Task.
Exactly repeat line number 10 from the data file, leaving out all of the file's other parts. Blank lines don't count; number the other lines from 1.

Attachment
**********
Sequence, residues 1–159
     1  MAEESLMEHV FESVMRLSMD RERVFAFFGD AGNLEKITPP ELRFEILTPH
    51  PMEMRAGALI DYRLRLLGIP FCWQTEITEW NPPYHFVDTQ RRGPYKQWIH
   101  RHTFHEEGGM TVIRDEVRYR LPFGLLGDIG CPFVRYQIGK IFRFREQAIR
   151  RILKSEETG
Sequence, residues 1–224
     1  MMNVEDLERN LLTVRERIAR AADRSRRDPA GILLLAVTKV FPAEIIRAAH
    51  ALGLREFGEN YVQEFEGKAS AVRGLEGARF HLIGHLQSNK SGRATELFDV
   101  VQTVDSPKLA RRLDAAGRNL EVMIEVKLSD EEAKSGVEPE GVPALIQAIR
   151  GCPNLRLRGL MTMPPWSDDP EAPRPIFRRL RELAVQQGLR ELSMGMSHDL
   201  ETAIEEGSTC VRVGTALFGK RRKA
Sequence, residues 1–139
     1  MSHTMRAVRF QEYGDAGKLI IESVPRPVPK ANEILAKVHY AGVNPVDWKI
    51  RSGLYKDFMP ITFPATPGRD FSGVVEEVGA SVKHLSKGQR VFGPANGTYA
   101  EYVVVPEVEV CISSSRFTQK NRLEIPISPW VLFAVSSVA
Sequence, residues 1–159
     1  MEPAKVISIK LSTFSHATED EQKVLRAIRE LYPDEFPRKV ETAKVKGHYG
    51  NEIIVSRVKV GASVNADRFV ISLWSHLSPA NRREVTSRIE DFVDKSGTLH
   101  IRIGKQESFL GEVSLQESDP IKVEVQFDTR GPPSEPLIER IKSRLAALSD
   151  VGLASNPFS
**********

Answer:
   151  GCPNLRLRGL MTMPPWSDDP EAPRPIFRRL RELAVQQGLR ELSMGMSHDL